This personal dilemma is the best image of the conflict that shapes the whole book, that between lightness and weight. Is it better to be free as a bird in life or to be tethered to something with meaning? My words cannot do Kundera’s justice and crucially neither can those of the film’s script. The author’s ideas, forged from intense experience of 20th century occupation and thought, make the stories of the lovers in the book standout as something special. Even if Daniel Day-Lewis can convey something of the character of Tomas through a brilliant gesture or look, he cannot replace the heart of the story, which comes from the narrator.

The characters in the book are vehicles for Kundera’s thoughts and feelings, and in the film it’s as though they have been stripped of their engines. The occasional ironic bit of writing on screen to introduce a scene cannot make up for what is missing and is a lame attempt to find the balance of the novel. The film is too reliant on the image of sex and is far too long, coming in at just under three hours.

The Unbearable Lightness of Being, in my view, can truly be classified as impossible to adapt. Tinker Tailor Soldier Spy’s recent success has proved that intricate, sprawling novels can be successfully transformed if the filmmakers focus on mood and try to make something independent of the book. However in the case of The Unbearable Lightness of Being they made something that bore little relation to the feel of its source material, which perfectly illustrates how some works of art are inextricably linked to the voice of the artist.

The Art of the Short Story – Reading and Writing Challenge Month


For weeks now I’ve attempted to absorb myself in the art of the short story. Not just to read lots of new ones and re-read old ones, but to look closely at their composition, compare their merits and work out why it was that these fleeting snapshots of life seemed so much more like art than their beefier cousin, the novel.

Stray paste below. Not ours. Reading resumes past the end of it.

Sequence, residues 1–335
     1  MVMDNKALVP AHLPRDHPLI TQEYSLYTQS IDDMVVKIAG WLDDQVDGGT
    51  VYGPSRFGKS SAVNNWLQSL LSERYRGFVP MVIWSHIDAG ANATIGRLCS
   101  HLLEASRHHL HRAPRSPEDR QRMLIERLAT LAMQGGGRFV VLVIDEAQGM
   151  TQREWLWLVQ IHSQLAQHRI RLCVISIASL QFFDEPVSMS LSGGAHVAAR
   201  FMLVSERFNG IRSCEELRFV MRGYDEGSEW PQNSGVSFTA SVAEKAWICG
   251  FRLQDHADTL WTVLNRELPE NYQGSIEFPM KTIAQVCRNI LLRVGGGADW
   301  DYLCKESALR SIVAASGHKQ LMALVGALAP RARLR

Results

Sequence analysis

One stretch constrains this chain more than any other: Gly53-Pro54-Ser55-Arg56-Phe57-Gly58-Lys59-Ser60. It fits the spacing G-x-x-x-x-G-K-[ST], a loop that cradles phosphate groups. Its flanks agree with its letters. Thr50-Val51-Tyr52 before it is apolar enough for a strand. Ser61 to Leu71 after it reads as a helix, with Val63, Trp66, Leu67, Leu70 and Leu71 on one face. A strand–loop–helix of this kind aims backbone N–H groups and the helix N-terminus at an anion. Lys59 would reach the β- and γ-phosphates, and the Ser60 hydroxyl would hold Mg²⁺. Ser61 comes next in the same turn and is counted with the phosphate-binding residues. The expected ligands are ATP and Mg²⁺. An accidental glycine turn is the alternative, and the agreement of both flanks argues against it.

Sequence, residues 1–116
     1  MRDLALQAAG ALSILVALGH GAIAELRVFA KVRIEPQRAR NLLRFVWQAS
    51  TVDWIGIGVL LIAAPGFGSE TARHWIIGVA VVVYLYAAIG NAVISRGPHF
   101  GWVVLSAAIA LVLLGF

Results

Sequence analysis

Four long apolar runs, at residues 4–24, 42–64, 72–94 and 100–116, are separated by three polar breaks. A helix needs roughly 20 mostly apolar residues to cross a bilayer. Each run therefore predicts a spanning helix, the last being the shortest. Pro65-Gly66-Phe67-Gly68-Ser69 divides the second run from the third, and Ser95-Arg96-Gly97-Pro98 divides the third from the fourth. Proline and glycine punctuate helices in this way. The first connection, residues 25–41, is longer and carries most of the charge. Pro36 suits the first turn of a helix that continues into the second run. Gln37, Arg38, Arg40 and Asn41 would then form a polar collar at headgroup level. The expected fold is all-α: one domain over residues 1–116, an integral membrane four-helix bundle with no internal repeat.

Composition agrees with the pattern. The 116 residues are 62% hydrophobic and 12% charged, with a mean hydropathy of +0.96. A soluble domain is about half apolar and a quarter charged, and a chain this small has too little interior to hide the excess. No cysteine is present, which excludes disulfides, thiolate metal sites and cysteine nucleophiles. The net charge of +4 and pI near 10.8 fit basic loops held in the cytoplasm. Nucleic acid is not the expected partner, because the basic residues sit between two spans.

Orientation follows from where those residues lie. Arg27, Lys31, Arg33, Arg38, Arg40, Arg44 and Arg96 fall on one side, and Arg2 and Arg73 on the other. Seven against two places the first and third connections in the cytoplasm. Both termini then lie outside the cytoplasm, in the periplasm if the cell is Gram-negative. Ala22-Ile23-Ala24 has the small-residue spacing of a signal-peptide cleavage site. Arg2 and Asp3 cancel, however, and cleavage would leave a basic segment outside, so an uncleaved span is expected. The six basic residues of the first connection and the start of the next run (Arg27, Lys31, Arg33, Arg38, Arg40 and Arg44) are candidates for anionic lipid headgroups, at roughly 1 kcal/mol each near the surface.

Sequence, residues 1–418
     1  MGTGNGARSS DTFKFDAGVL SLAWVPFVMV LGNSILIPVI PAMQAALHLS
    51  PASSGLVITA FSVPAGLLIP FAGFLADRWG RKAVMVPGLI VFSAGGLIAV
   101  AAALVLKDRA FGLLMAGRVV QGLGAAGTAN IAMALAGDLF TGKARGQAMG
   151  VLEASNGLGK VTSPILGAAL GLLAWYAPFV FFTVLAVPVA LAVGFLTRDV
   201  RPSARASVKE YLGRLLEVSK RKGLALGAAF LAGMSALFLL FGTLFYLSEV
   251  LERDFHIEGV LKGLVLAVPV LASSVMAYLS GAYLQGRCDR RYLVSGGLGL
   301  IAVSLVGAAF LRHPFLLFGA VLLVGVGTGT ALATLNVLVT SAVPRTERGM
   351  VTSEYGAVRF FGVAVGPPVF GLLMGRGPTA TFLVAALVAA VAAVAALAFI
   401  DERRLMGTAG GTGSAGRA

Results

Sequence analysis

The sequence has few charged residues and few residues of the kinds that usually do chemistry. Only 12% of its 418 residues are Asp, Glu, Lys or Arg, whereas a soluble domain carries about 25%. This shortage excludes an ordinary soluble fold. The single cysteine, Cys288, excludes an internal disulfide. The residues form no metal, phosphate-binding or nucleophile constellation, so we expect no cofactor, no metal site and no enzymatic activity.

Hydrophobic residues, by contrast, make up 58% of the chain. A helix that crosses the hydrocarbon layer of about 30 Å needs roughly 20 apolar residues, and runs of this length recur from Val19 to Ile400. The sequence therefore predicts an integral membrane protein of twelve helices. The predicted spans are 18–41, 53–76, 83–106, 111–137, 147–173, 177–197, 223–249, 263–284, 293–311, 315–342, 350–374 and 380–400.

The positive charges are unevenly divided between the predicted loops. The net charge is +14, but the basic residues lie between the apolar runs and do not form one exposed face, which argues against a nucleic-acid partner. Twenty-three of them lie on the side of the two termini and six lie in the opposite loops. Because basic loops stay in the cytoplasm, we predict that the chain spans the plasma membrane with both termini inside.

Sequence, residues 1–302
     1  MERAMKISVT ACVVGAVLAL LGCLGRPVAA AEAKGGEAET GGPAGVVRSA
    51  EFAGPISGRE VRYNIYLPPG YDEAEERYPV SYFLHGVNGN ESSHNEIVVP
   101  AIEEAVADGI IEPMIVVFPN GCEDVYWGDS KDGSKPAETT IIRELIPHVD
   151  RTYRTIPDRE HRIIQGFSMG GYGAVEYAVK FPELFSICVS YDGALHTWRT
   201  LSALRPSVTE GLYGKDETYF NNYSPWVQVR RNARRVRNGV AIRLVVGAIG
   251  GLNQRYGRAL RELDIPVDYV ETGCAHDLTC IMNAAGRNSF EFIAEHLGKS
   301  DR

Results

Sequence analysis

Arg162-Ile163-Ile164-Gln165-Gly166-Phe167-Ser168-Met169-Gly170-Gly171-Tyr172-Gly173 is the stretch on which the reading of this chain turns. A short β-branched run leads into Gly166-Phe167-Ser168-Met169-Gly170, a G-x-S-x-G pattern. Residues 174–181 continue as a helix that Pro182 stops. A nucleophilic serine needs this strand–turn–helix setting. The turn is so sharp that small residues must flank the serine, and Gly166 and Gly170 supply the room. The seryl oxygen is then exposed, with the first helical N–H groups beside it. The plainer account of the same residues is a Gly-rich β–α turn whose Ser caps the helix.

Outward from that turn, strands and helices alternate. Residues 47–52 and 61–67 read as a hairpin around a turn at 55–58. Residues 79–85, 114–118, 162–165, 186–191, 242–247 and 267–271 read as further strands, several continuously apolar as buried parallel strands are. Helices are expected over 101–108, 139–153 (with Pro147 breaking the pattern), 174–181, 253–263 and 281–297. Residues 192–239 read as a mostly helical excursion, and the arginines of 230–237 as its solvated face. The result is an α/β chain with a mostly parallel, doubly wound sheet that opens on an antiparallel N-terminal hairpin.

At the end of my blitz of numerous tales I feel at once wiser and just as ignorant. The fact that my study of these stories has been so intense, the fact that it was indeed a solitary blitz, meant I had much less time than I would have liked to dissect, contrast and concoct thoughtful, satisfactory points and conclusions. This mini task within the greater, rushed whole of Reading and Writing Month has certainly not proved to be the magic pill I might have hoped for; I have not morphed into a masterful writer myself simply by consuming such a renowned, diverse range. But I am glad I was ambitious and wide ranging. I feel as if I’ve discovered intriguing examples I’ll be able to return to again and again as an inspirational template and model for my own work. Or works I’ll re-read simply to marvel at and endlessly reinterpret and enjoy.

Even prior to this challenge I found that a certain type of short story would leave me baffled. It would feel as if I’d barely read what could be called a “story” at all. Ernest Hemingway was one of the particular authors that could simultaneously make me feel cold and unmoved and fascinated. At A-Level I studied Cat in the Rain and for this challenge I read other tales from Hemingway’s “First Forty-Nine Stories” collection, including Homage to Switzerland and One Reader Writes. One Reader Writes is barely two pages long and feels as though it were lifted straight from an experiment in a creative writing class, as the narrator, clearly barely literate, attempts to write a letter about her husband’s syphilis. Homage to Switzerland presents three almost identical but also very different conversations at a railway station in Switzerland.